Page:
The Tamaulipas Pygmy Owl is a tiny owl with no ear-tufts and a relatively long tail.
Photo Gallery (2 pictures)
Description: Male: The facial disc is brownish, flecked white to pale buff. Eyebrows are whitish and eyes are yellow. The cere is
yellowish-grey and the bill horn-yellow. The crown, nape and upperparts are a rich olive-brown, with the crown being slightly greyer. The forecrown is finely
spotted pale cinnamon to whitish, the spots extending along the sides of the crown to the nape, which has two large eye spots (occipital face). The wing coverts
are spotted pale, and the scapulars have indistinct paler areas on the outer webs. Flight feathers are barred dark and light. The tail is brown with 5-6 broken
Underparts are whitish, with rufous-brown streaking. There is rufous brown mottling on the sides of the upper breast, spotted pale buff.
Tarsi are feathered and the yellowish-grey toes are bristled. Claws are horn with darker tips.
Female: Differs in having the crown, nape, and upperparts rufous-brown.
Size: Length 13-16cm. Wing length 86-94mm. Tail length 51-57mm. Weight 51-55g. Females are heavier and larger than males.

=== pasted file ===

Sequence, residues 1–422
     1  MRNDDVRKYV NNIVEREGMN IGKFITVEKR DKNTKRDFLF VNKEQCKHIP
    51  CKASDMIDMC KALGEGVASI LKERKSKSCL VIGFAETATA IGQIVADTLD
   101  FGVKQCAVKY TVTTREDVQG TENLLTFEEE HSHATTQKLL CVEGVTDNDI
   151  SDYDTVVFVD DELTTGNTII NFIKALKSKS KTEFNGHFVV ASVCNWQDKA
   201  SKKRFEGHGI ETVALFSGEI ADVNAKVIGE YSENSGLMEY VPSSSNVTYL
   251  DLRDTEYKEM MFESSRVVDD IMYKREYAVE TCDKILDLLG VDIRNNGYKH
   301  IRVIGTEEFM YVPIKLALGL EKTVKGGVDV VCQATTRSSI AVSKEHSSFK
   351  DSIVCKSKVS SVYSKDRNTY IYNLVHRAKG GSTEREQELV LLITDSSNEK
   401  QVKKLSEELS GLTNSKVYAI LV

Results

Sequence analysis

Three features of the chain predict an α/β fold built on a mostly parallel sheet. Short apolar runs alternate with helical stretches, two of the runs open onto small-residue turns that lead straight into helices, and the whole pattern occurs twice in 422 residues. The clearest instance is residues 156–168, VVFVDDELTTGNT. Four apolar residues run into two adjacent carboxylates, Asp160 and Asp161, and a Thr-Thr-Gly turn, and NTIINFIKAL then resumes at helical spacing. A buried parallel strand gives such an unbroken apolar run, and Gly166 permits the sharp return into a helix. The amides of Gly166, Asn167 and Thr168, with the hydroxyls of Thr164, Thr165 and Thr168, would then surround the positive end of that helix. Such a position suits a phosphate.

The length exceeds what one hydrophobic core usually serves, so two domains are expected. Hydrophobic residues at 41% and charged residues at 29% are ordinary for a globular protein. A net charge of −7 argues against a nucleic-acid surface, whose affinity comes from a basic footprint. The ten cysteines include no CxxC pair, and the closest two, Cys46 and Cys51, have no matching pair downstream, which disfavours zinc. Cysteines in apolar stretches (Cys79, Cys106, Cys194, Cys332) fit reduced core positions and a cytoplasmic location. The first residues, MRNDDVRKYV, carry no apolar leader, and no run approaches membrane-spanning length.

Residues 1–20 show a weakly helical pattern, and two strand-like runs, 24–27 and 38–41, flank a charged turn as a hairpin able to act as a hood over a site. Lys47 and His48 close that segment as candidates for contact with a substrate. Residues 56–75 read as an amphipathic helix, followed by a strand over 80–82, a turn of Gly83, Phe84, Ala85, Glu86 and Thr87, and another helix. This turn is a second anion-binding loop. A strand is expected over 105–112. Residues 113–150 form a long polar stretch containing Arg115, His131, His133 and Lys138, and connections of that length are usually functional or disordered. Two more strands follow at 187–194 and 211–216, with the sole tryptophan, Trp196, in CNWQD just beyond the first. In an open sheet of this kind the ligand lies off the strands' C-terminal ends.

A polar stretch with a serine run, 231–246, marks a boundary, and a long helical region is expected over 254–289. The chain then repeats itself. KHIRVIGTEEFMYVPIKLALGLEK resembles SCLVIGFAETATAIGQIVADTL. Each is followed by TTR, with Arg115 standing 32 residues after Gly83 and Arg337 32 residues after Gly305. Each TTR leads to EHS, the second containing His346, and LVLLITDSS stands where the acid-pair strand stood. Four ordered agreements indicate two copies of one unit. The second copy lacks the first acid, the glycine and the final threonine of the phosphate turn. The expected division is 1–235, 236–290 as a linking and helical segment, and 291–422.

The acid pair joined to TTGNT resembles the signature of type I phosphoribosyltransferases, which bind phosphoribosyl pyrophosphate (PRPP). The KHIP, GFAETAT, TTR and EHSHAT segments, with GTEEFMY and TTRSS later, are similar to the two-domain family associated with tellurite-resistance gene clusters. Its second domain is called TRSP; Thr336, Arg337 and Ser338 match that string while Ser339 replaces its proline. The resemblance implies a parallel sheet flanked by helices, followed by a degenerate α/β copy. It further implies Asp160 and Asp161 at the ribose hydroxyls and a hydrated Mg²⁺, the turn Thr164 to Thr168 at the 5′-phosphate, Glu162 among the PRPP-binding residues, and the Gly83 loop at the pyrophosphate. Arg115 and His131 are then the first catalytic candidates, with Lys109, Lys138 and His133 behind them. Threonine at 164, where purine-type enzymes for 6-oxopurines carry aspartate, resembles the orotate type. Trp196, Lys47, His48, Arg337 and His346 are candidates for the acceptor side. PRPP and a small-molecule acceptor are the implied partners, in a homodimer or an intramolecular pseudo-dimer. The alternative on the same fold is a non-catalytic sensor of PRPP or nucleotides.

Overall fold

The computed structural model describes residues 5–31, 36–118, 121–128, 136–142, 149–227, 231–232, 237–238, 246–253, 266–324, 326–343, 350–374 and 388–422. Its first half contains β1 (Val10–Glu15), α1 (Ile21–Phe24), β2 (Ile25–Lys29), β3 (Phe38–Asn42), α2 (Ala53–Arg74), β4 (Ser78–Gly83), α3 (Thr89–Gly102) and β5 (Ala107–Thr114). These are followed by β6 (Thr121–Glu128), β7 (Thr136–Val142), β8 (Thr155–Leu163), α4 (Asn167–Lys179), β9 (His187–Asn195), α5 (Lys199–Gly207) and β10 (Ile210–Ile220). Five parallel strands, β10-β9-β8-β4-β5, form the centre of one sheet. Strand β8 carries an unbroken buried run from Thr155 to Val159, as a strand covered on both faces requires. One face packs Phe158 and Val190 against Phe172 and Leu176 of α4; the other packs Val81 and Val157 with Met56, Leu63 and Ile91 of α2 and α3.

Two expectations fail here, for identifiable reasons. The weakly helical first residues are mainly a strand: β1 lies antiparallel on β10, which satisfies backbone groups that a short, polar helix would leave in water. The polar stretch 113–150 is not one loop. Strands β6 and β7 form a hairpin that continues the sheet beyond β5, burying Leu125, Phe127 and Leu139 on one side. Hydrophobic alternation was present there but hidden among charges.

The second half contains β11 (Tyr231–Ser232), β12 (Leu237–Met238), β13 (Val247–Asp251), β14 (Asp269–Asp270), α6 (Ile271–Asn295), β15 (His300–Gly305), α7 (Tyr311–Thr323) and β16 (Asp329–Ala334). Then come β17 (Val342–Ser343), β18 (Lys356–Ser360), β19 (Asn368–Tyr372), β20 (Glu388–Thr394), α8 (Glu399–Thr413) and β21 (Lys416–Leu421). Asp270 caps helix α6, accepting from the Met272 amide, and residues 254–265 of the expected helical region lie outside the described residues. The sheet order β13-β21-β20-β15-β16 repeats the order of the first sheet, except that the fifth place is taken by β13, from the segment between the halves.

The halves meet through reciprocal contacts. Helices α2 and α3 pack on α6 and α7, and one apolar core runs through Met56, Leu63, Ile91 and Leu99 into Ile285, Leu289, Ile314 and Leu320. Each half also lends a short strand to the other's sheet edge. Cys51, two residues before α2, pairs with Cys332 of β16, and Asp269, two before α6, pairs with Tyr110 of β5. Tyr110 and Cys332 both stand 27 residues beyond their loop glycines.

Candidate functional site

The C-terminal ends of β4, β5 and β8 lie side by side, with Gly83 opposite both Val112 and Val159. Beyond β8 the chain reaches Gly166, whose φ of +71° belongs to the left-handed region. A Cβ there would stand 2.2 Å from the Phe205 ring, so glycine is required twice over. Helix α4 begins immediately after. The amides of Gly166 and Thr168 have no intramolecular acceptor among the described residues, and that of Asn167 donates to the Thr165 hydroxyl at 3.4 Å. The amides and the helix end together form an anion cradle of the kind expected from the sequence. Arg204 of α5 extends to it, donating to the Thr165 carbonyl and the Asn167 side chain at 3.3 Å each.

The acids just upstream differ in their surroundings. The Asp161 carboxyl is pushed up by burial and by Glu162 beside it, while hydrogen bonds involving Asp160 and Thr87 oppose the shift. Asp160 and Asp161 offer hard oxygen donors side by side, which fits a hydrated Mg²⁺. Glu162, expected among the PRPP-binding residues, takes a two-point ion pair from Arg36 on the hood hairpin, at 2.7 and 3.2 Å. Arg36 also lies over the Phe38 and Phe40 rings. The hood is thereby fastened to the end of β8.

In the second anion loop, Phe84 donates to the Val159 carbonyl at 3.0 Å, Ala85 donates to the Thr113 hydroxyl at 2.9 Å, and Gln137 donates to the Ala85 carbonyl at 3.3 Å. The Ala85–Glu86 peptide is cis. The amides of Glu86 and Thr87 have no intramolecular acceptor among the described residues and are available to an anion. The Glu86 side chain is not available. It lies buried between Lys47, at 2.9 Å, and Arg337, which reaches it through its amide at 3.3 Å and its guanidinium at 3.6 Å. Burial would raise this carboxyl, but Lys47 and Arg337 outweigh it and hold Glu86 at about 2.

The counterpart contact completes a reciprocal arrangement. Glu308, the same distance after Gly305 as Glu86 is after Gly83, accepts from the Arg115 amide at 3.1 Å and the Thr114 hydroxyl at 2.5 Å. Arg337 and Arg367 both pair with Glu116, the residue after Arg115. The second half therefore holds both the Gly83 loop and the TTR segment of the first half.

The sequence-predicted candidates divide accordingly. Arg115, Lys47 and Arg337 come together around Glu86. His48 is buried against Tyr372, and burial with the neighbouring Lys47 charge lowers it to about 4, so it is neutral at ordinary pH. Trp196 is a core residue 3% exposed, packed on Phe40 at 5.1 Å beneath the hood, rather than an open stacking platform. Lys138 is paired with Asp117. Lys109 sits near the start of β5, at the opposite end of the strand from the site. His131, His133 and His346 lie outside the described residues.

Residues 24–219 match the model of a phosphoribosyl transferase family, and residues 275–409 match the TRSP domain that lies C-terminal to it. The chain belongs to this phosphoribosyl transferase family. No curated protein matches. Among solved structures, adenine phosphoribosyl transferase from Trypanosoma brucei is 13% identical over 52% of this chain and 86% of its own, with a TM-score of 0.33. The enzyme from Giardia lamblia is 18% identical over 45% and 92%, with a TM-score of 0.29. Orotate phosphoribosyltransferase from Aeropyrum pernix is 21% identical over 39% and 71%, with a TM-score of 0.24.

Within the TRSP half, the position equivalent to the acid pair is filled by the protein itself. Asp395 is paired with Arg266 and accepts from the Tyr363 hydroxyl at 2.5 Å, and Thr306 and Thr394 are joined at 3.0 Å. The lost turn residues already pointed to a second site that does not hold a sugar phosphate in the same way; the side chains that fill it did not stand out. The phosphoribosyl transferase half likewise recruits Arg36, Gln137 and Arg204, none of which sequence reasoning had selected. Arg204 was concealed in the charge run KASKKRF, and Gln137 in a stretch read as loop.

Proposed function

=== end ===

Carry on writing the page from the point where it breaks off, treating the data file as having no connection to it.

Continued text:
Habits: The Tamaulipas Pygmy Owl is a partly diurnal bird. Little else is known about its habits.
Voice: A sequence of 2-3 high-pitched, hollow, drawn-out notes and a rate of 2 per second. This call is given at regular intervals and repeated after several seconds - "phew-phew phew-phew-phew phew-phew...". A tremulous whistle may precede the song.
Hunting & Food: Most likely feeds mainly on insects and lizards, as well as other small vertebrates.
Breeding: The breeding habits of the Tamaulipas Pygmy Owl are little known, but are likely similar to other pygmy owls. Nests are mainly in abandoned woodpecker holes. The female lays 2-4 white eggs.
Habitat: Humid subtropical evergreen and pine-evergreen montane and cloud forest, at 900-2100m elevation.
Distribution: This owl is endemic to the mountains of Northeast Mexico, from Tamaulipas and Southeast San Luis Potosí to North Hidalgo.
Status: Listed as 'Near Threatened' by Birdlife International.
Original Description: Lowery, George Hines, Jr., and Newman. 1949. Occasional Papers of the Museum of Zoology Louisiana State University (Occ. Pap. Mus. Zool. LSU), no. 22: p. 1-4.